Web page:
Rotor Plane Kite

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As a kid in the late 1970's my parents returned from overseas with a plastic kite that absolutely fascinated me. I think it is what got me involved in flying things, and I have very fond memories of flying on a pleasent afternoon.

The kite was a plane made of a light yellow plastic shell, with red tail fins, and two very long 'S' shaped rotating wings, rotating on a wire bend slightly upward in a dihedral. Maybe a 1/2 meter or so across, though its hard to remember sizes when you are a kid only just starting high school.

As you can see I had studied it, burning it into my head. I remember pegging it out so it flew a few meters (yards) up, and me lying underneath just watching as the wings rotated, lifting the plane so it flew above me.

I remember my brothers kite loosing a wing when he flew it from a cliff over the ocean, and my own just wearing out from constant use. Since then I have been looking for these kites, and eventually found some from Germany (see below).

Styrofoam Rotorplane

I also remember seeing a larger version, made completely from Styrofoam, in a tourist shop while on vacation as a boy, but I was pulled away before I could look at it for very long. Never seen one since. :-(


GuntherTurboplan (Germany)

The above resulting in an anonymous mail being sent to me pointing me to a German toy company, Gunther

They list in their online catalog the toy plane kite I remembered so well. Right down to the exact same colors. It is 64cm wing span with and 29cm length, and comes with its own flying line.

I put in an order for a box of them, and sold a number to fellow kite flyers. Everyone enjoyed the unusual kite immensely.

Gunther Flugsliele, Kite Toys & Parachutes Catalog. No longer lists this specific kite, but does list one with green wings, and a fake propeller on the nose (I would remove that to reduce drag).

Aero Kite (Canada)

A manufacturer of flying toys in Canada, Aero Kite, and was very surprised when they found the above pictures of the kite made in Germany. It looks very similar to their own product. Though there website is now also offline.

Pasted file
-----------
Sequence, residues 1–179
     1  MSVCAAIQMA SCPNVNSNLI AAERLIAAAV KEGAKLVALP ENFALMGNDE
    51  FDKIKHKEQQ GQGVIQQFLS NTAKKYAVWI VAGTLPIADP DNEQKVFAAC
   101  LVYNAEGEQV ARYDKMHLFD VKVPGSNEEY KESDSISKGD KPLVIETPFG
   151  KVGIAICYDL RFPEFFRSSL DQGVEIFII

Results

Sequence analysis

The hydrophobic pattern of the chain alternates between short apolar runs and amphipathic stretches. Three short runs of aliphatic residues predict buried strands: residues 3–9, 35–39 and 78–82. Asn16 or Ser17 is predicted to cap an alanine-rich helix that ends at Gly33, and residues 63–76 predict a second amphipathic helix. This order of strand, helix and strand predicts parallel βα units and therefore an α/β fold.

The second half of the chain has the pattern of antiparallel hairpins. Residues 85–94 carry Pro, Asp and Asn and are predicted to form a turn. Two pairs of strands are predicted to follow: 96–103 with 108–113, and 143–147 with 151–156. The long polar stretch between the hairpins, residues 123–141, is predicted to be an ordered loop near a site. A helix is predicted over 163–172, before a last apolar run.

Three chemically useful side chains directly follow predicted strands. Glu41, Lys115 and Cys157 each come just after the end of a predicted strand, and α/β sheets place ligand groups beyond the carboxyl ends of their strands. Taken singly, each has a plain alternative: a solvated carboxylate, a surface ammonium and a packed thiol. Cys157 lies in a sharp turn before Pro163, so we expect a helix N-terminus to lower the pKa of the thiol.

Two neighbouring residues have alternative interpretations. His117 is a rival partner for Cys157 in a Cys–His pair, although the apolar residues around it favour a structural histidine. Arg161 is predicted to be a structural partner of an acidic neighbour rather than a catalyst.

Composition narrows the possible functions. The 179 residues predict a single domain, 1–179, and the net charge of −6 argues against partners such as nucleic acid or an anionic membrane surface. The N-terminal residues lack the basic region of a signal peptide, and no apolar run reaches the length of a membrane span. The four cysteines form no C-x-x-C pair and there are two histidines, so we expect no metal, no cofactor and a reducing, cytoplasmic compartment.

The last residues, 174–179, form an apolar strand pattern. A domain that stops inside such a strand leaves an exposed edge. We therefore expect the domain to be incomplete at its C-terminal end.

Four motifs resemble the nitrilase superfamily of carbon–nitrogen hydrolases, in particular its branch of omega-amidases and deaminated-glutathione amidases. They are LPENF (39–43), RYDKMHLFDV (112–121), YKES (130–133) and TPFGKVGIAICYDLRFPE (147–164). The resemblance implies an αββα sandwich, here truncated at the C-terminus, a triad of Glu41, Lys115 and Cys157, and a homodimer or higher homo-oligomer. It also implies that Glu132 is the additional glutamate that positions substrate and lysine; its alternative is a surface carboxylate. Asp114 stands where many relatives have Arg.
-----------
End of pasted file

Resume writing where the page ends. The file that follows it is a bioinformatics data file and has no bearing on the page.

[photo] [photo] [photo]

Kite found again on Horizon Kites, Canada Kite Shop.

Comparison of the two versions

I recommend the Canadian "AeroKite", as the bearings on the wings have a metal eyelet added to allow the kite to last longer, and a good handle winder and proper kiteline is provided.

The German "Turboplan" do not have metal bearings in the wings, resulting in the plastic wings wearing out after only a few hours of flying in a good afternoon sea breeze. Also the German line is on a plastic reel that has no simple way to 'lock' the line at a specific length for pegging the kite down. The line is also a very light mono-filament line, meaning it will break with any sort of wear, and difficult to tie knots in. I junked that line for more 'normal' twisted nylon line to fly the kite.

Mail from Trevor de Vis

Trevor de Vis on Thursday, November 28, 2002 wrote...
Just as a matter if interest, in about 1979/80 I received a rotor kite for Chrissy. It had a longitudinal styrofoam fish shaped body, with an axle bearing at the top. From this bearing 2 rotors spun on either side of the body, the bridle being attached to the nose of the fish. It flew well, with a slightly nose down attitude. I haven't seen one in the shops since, so it was probably just a Christmas special. I'll bet it separated a lot of parents from their hard-earned though!!

I asked for clarification, to be sure I understood what he meant by "fish shaped body". I thought it might be just a dual wing classical rotor with fish shaped tubes of thin styro, similar to those now in the shops. I was flabbergasted with the reply, which is the reason I added his mails to this page.

[photo] Saturday, 30 November, 2002...

Pardon my drawing skills with MS Paint...but you should get the general idea from this. I'm going to try and make something similar from balsa, but I've got to sort out what I'm going to do where the axle passes through the body. I am considering skateboard bearings as they're small & unsealed (open, and easy to spin).

A long dowel as the axle would have some flex, and hopefully cause the two rotors to try and fly 'toward' each other, thus providing some stability. A sandwich construction for the body would make it easy to provide multiple tow points.

You can't really tell from my drawing, but the kite did have end disc's on the wings, can't remember if they were styrofoam, or a plastic shell as the rotors were.

I wish Trevor, good luck, and hope he will let me know the results of his experiments.

Mail from Denis Manton

Denis Manton mailed me on Saturday, 9 September 2006...
I have been googling stuff relating to wing lift generated by vortex shedding and suddenly had a flash about a kite toy with rotating wings that I was given as a Christmas gift in about 1957. My toy kite was very similar in design and the same in principal as those referred to on your site.

To the best of my recollection (I was eight at the time) my kite used cream coloured venetian blind slats as wings. It was mostly constructed from aluminum which was either painted red or was natural aluminum. The span was about two feet with the fuselage being about a foot long. It flew as a kite really well given it was quite heavy. A loud whirring sound was made as it flew at the end of its tether. As described in some of the descriptions of these kites, mine had circular end plates at each end of the wings plus an external 2 bar frame to support the flimsy foils.

I myself had a similar experience. It was a airplane kite exactly like the one shown above that probably caused my adult interest in kites, and in particular unusual kites.

But aluminum construction, wow.

I hope we both can find out more.

Created: 2 December 2002
Updated: 19 January 2017
Page by: Anthony Thyssen, <>